From Alcatraz to Kootznahoo: America and Prisons
Where: Kootznahoo Alaska, 89460 Gardnerville Ranchos (United States). When: on 17-06-2011.
Written at 17-06-2011 by Denise Real
America and Prisons
It sits quietly, yet ominously, isolated and abandoned, except for an occasional dusting, in the basement of what is still called “The Rock”. The last time it sent its 2,000 volts blasting through a condemned criminal's tormented body and soul was well over a century ago, before its close in 1963. Alcatraz has been a resort and theme park for the bizarre minded and morbid at heart for more than five decades now. The electric chair, designed as a humane and tidy form of capital punishment, has taken its place in history books and museums. Alcatraz as a prison is now just a well-known relic and vague reminder of America's archaic penal system that was tolerated for years.
Since the desperately needed overhaul of our antiquated prison system eleven years ago in 2065, our society has finally been able to relax, to exhale, so to speak. We no longer live in fear, dreading parole of prisoners the system has failed to “rehabilitate.” The time when convicts seemed to have more rights than victims is passe. When you break the laws Americans have made, you forfeit your rights. There are no more lengthy appeals. Criminals can no longer live better than hard-working Americans and enjoy luxuries such as internet, TV, gourmet food, leisure time and free education.
It was an idea that some liberals of the early twenty-first century called ludicrous and insane. Now it's proving to be the answer to America's overwhelming crime and punishment problems. The transfer of condemned criminals to new confinement destinations is not only cost effective, but very profitable. For those who are serving only minimal sentences of five years or less , usually for misdemeanor crimes such as theft, one of our Mexico locations is excellent. The convicted pay for their own keep through labor they provide in factories. If one is foolish enough to try to escape, they are subjected to the laws of that country, which have severe and sometimes physically disabling punishments. Major offenders who commit atrocities such as child abuse, rape, and murder are sent to one of our island sites in Alaska.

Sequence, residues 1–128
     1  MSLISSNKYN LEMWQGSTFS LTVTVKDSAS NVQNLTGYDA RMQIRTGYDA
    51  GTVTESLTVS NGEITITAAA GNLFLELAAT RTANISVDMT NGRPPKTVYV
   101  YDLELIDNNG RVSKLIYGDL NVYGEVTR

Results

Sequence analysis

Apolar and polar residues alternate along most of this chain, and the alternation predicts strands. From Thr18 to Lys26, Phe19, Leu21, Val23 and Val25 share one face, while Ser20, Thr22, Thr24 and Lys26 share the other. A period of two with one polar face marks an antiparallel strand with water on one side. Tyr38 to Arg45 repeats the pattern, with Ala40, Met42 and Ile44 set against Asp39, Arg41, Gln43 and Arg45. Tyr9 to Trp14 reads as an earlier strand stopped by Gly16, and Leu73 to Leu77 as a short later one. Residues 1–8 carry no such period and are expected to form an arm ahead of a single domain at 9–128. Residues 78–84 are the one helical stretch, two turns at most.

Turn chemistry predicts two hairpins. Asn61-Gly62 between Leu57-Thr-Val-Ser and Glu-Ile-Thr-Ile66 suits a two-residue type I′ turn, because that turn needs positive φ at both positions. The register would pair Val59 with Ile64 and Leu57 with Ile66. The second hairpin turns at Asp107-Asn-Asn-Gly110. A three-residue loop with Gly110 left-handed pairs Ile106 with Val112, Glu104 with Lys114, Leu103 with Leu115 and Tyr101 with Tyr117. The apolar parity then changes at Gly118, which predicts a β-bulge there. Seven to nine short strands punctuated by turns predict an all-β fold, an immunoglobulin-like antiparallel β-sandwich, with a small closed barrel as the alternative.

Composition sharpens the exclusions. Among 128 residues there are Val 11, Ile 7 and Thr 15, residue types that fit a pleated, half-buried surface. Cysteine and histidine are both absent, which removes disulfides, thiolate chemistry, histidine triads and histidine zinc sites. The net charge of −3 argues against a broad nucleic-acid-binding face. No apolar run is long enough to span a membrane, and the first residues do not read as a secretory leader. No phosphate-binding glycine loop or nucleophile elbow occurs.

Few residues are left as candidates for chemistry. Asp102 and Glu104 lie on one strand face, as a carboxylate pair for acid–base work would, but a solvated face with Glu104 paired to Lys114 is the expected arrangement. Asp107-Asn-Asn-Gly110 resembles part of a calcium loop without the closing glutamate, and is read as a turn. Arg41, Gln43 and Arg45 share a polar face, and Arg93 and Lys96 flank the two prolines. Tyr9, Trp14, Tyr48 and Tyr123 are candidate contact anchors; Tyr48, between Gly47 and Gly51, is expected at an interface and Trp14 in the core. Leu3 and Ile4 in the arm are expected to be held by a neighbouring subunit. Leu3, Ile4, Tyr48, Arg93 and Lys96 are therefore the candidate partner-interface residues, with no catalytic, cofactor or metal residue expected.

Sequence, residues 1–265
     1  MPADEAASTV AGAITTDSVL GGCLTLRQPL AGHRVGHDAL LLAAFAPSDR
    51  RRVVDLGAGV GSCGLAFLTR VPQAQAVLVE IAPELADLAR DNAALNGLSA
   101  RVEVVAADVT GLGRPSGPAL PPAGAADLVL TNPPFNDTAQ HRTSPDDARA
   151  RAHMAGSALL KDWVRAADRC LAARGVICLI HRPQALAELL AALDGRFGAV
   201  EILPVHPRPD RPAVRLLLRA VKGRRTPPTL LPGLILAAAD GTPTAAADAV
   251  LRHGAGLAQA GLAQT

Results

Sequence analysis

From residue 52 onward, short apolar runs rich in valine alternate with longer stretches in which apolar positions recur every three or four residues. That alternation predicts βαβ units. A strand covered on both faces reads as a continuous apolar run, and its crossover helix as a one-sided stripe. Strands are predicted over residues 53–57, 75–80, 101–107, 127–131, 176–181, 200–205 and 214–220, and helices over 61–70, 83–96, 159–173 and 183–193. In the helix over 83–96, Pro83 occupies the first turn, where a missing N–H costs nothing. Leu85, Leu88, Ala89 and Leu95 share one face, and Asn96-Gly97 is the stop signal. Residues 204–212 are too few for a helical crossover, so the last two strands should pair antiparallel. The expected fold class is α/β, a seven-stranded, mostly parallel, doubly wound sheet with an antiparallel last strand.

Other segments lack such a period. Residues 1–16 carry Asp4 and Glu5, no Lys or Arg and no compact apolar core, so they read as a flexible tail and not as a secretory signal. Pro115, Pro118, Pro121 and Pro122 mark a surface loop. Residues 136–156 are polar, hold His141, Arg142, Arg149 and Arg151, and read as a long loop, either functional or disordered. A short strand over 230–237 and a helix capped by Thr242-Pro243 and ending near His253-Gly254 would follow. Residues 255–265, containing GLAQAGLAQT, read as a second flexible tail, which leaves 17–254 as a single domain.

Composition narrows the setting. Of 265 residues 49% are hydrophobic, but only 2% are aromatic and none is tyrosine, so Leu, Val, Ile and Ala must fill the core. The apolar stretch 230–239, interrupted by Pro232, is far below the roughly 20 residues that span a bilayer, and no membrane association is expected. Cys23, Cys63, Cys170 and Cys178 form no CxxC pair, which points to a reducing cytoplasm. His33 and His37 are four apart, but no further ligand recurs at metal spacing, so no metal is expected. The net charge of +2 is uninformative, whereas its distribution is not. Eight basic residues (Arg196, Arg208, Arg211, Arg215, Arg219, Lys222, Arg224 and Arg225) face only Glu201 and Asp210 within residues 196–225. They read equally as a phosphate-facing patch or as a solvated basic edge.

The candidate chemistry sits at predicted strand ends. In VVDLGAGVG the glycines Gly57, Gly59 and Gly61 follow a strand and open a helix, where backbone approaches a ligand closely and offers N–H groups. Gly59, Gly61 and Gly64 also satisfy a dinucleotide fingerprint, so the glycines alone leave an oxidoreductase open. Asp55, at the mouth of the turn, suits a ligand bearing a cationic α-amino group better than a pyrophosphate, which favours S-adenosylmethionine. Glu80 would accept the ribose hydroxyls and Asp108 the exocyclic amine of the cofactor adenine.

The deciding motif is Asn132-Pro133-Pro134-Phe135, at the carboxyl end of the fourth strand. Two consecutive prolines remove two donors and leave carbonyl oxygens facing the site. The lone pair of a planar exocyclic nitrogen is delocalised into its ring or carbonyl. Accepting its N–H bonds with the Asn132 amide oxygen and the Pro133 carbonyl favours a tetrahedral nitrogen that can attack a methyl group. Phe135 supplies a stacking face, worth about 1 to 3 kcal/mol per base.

The one I find most fascinating is located on Admiralty Island. This ninety-mile-long, thirty mile wide island is the essence of beauty. The island is like an emerald jewel resting in the pristine waters of southeast Alaska. Hundreds of years ago it was named by the Tlingt Indians from the area “Kootznahoo”, meaning “Fortress of the Bears”. The wilderness shoreline is decorated with jagged rocks. Departure from Kootznahoo is possible only by float plane, helicopter, or seafaring boat. The frigid waters that surround this fortress provide an impenetrable fence that brings death from hypothermia to anyone witless enough to attempt a swim. The unforgiving and unpredictable weather often brings the surrounding seas swelling up to twenty feet.
The Indians who resided there for years, leased the island to the government for the logging, hunting and fishing rights on more than forty percent of Alaska's wild and forested lands. The small communities of Angoon, Funter Bay and Whalers Cove all relocated over thirty years ago. Now the only human inhabitants are the ones associated with the confinement facility and its working underground hard rock mine.
The inmates are not under lock and key. They have freedom to go anywhere on the island they want. So far, escape has proven impossible. The island's most prevalent guards are refereed to as the “Brownies”. These monstrous brown bears stand almost ten feet tall and weigh over a thousand pounds. They have been referred to as giant walking stomachs with teeth, claws and fur. They have bad attitudes and their population on the island is roughly one per square mile. There is now way to stay completely out of their way; confrontations are inescapable. Safety from these large predators is only possible by following the rules, something criminals must learn, sometimes the hard way.
I vividly recall the story of one unfortunate outlaw who thought his time would be better spent away from his designated work area. The following day they found what was left of him less than a mile from the mine site. All that remained was his right foot, still in its work boot. Encounters like these serve as warnings to others considering stepping out of bounds. The inmates at Kootznahoo must maintain a system of fairness, cooperation and productivity in order to survive. All the work on the island, from fry cook to environmental engineering and ore processing is provided by the inmates. If there is discord among the residents and the work doesn't get done, the food and the other needed supplies won't get delivered. The mine is expected to produce a specific quota each day. If two inmates fight, nobody eats. This creates a peer pressure situation which encourages everyone to go along with the program.
This facility and others that make up America's new prison system are passing the test of time and truly encouraging rehabilitation and abstinence from illegal activities. Crime in our country has practically been eliminated. We don't have to wonder if the places we choose to live will be safe for our children and grandchildren.
As with Alcatraz, most of the old prisons have become everything from resorts to parking lots. The con controversial Death Penalty is gone. The possibility of parole is gone. The reality of serving the actual sentence given an inmate is here. We do not tolerate those who are counter productive and destructive in our society. We have taken back our country. Our nation truly is indivisible, with liberty and justice for all.